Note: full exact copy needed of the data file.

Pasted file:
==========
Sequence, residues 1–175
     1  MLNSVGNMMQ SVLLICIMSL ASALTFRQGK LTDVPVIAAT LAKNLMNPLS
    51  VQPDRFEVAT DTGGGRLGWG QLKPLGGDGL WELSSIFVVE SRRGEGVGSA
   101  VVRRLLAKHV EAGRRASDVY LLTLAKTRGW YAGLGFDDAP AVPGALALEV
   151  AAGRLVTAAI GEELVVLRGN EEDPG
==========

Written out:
Sequence, residues 1–175
     1  MLNSVGNMMQ SVLLICIMSL ASALTFRQGK LTDVPVIAAT LAKNLMNPLS
    51  VQPDRFEVAT DTGGGRLGWG QLKPLGGDGL WELSSIFVVE SRRGEGVGSA
   101  VVRRLLAKHV EAGRRASDVY LLTLAKTRGW YAGLGFDDAP AVPGALALEV
   151  AAGRLVTAAI GEELVVLRGN EEDPG